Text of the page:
Study type: Medical/biological study (experimental study)

Search for frequency-specific effects of millimeter-wave radiation on isolated nerve function. med./bio.

Published in: Bioelectromagnetics 1997; 18 (4): 324-334

Aim of study (acc. to author)

The aim of the study was to verify the existence of specific effects of millimeter waves on excitable tissues. The effects of a short-term exposure to millimeter waves on the compound action potential conduction in an isolated frog sciatic nerve preparation were investigated. Compound action potentials were evoked by either a low-rate or a high-rate electrical stimulation of the nerve (4 and 20 paired pulses/s, respectively).

Endpoint

Exposure

Exposure Parameters
Exposure 1: 41.15–51.7 GHz
Modulation type: CW
Exposure duration: 30 min
Exposure 2: 40.5–51.8 GHz
Modulation type: CW
Exposure duration: 10 - 60 min

Exposure 1

Main characteristics
Frequency 41.15–51.7 GHz
Type
Exposure duration 30 min
Modulation
Modulation type CW
Exposure setup
Exposure source
Distance between exposed object and exposure source 0.052 m
Setup sciatic nerves were laid in the slot of the exposure chamber and exposed under thin layer of mineral oil; the nerve was aligned with the E-field.
Sham exposure A sham exposure was conducted.
Parameters
Measurand Value Type Method Mass Remarks
power density 0.26 mW/cm² minimum measured - -
power density 2.6 mW/cm² maximum measured - -

Exposure 2

Main characteristics
Frequency 40.5–51.8 GHz
Type
Exposure duration 10 - 60 min
Additional info frequency changed in steps of 0.01 GHz/min or 0.1 GHz/min
Modulation
Modulation type CW
Exposure setup
Exposure source
Sham exposure A sham exposure was conducted.
Parameters
Measurand Value Type Method Mass Remarks
power density 0.23 mW/cm² minimum measured - -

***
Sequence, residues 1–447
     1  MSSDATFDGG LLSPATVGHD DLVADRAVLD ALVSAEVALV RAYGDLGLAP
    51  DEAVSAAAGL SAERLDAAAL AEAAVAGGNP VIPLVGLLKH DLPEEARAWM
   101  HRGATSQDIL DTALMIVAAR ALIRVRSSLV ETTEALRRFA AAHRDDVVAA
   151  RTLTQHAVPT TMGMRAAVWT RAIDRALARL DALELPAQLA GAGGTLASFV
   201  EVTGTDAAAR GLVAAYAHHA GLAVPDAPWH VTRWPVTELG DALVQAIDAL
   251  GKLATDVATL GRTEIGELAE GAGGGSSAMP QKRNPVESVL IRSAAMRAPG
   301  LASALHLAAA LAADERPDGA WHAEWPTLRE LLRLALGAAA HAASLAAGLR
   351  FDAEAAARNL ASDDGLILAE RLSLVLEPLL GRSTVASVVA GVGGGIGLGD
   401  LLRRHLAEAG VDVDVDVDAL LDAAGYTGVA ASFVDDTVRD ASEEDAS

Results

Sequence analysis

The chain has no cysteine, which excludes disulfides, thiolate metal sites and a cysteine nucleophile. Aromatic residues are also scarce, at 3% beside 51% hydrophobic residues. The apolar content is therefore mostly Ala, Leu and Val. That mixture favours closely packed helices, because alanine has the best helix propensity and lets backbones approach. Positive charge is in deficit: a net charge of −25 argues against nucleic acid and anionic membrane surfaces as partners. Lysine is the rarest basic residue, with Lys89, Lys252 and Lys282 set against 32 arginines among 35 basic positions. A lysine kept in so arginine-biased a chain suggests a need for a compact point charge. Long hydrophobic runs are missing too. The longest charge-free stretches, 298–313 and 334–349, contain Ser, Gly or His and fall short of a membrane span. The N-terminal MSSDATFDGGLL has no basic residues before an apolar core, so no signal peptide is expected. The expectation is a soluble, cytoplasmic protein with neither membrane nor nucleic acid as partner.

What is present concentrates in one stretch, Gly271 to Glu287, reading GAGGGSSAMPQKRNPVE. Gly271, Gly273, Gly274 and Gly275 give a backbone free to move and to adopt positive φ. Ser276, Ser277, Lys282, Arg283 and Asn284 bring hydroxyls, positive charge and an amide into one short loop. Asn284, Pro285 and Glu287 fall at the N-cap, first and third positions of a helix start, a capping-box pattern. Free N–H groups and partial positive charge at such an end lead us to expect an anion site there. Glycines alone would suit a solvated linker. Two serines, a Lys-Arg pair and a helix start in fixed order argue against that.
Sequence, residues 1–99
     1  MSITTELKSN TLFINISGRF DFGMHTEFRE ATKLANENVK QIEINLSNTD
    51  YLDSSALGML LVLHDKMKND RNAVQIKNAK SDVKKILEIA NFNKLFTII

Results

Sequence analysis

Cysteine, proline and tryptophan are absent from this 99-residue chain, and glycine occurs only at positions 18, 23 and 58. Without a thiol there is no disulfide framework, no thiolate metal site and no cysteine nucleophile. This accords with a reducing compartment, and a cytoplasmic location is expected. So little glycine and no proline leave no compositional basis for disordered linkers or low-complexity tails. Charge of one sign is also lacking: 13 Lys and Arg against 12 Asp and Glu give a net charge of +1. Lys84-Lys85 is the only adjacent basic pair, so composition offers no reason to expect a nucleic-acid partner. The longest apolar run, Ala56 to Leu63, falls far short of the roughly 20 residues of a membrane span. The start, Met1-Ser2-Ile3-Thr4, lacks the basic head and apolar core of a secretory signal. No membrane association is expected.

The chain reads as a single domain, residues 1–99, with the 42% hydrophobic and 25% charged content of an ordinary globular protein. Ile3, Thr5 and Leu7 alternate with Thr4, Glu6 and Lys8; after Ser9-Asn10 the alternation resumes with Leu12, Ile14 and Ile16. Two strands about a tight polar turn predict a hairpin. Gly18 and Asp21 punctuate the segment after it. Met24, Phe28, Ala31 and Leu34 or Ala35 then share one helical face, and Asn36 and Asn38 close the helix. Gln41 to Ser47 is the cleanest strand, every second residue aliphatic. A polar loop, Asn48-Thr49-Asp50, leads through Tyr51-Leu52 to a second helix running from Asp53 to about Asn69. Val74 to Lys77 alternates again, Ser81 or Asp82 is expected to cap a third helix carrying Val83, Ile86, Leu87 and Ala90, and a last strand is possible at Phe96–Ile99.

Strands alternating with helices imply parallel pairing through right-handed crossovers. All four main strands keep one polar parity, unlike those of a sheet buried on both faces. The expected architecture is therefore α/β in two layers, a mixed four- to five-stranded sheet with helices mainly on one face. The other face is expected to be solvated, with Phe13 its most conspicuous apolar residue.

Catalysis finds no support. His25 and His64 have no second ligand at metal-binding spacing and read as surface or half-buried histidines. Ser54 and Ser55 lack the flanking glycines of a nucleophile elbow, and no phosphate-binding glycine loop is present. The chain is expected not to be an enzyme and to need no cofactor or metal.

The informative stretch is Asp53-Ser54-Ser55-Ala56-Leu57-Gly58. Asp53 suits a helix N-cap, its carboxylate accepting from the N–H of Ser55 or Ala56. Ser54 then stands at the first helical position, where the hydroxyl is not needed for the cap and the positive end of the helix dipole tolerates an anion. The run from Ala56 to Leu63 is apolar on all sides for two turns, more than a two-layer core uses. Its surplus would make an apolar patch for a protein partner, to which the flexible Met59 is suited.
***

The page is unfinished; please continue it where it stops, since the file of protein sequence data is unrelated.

power density 3 mW/cm² maximum measured - -

Methods Endpoint/measurement parameters/methodology

Investigated system:
Time of investigation:
  • during exposure

Main outcome of study (acc. to author)

The low-rate stimulation (field 1-9) did not change the functional state of the nerve, and the amplitude, latency, and peak latency of compound action potentials could stay virtually stable for hours. Microwave exposure for 10-60 min at 0.24-1.5 mW/cm², either at various constant frequencies or with a stepwise frequency change, did not cause any detectable alterations in compound action potential conduction.
The high-rate electrical stimulation produced gradual and reversible decrease of the amplitude of test compound action potentials and increased their latencies and peak latencies. These changes were essentially the same with and without irradiation, except for attenuation of the decrease of the test compound action potential amplitude. This effect was revealed at both field intensities, but was statistically significant only for certain frequencies of the irradiation. Within the studied limits, this effect appeared to be dependent on the frequency rather than on the intensity of the irradiation, but this observation requires additional experimental confirmation.

Study character:

Study funded by

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